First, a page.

gamekeeper to poacher to gamekeeper

I took the Chooks away last weekend, down the coast a bit. We did next to nothing while away. There was lots of Dr. Who, Sea Devils & Warrior’s Gate; treaty chocolates; a few beach trips with water spitting competitions; scrabble games in which no-one scored more than 100 points; a slow, earnest engagement with Jared Diamond’s Collapse (mindful of the risks at play in such anthropological metanarratives); BBQ chicken and mayo on white bread sandwiches; and a wander around a weather-harassed market with my Mum.

On Saturday night I sat out on the deck, watching the lighthouse spin around and letting myself notice how quiet it was, how but for the wind there would be nothing to hear. It was an uncomplicated weekend, for the most part. The contrast between the weekday and weekend was slightly alarming. The differential made my head spin; I felt my pulse rate quicken, quicken enough for me to hear it above the wind. It was clear to me, out on the deck, how the tension between compliance and innovation has come to dominate my professional life and structure my days.

Compliance and innovation have become affects that all of my activities are directed toward. I must manage myself in such a way as to ensure orthodoxy, compliance with expectation and review. And I must manage myself as to enable the possibility of improving the action of that orthodoxy. I am compelled to constantly analyse my place within the system to ensure the efficiency and efficacy of the system.

Compliance is a practice of control, holding close to a priori ways and means.  To innovate from this position is to manage a transition from gamekeeper to poacher to gamekeeper, to thieve control from the system and then reintegrate that theft into the system. Innovation is practice of adaption to control. Innovation is not bright shimmery newness. It may be creative or clever or gobsmackingly smart but it is not separate, it is not distinct from what was before.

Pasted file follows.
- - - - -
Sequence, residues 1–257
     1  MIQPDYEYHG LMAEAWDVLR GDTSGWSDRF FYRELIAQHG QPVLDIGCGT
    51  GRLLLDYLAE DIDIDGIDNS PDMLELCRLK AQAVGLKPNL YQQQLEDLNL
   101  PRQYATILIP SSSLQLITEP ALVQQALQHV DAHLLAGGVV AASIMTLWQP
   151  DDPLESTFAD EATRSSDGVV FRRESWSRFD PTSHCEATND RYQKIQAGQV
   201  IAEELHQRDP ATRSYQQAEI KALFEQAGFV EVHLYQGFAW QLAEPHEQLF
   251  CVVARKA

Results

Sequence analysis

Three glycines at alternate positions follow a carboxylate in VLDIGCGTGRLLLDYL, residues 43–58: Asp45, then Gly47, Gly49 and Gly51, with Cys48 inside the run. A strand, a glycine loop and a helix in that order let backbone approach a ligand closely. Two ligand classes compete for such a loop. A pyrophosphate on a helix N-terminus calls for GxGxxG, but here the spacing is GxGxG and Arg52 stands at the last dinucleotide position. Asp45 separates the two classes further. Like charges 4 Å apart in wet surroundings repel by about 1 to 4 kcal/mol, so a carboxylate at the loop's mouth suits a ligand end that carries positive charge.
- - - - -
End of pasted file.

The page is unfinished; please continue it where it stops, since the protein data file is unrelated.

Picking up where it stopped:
Yet compliance and innovation are often posited as the pincers by which outcomes are produced. Compliance makes sure we don’t go backwards, and innovation ensures we’re not left behind the present. This is a very limited scope. We do the thing we do like we did it last time, but better. Innovation is an internalized custom. Innovation is of the system. It is within. Innovation is simply a pivot by which compliance is re-established.

Sitting on the deck considering this in the dark and silence last weekend it was clear to me that there is nothing hopeful about innovation, nor is there anything redemptive about compliance. No way forward through the constraining coherence of organization, no fresh wind to clear the clouds and reveal new light. Where we seek innovation we exclude the possibility of alterity. There is no other world, there is no other way. No space for dark and silence.


About rustichello

A rather too quiet fellow of little reknown.
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One Response to gamekeeper to poacher to gamekeeper

  1. Djurbekka says:

    The world of bureaucratized institutions moves slowly indeed. The movement of pawns on a chessboard come to mind. Incrementalism, satisficing … words to explain the tiny steps that are trumpeted as BIG NEW CHANGE, but turn out to be more of the same, but with different names for the boxes to be ticked. There is a large, sad literature on all of this in both the private and public sectors of most developed countries.

    I guess that as a worker in such an organisation, all too often all you can do is laugh (or at least make a wry smile) otherwise tears, panic attacks, etc. My conversations with my very small business owner relatives suggest that ‘working for yourself’ only means different issues, not no causes for laughter or tears.

    Here’s to more weekends away to help with with perspective while at work!

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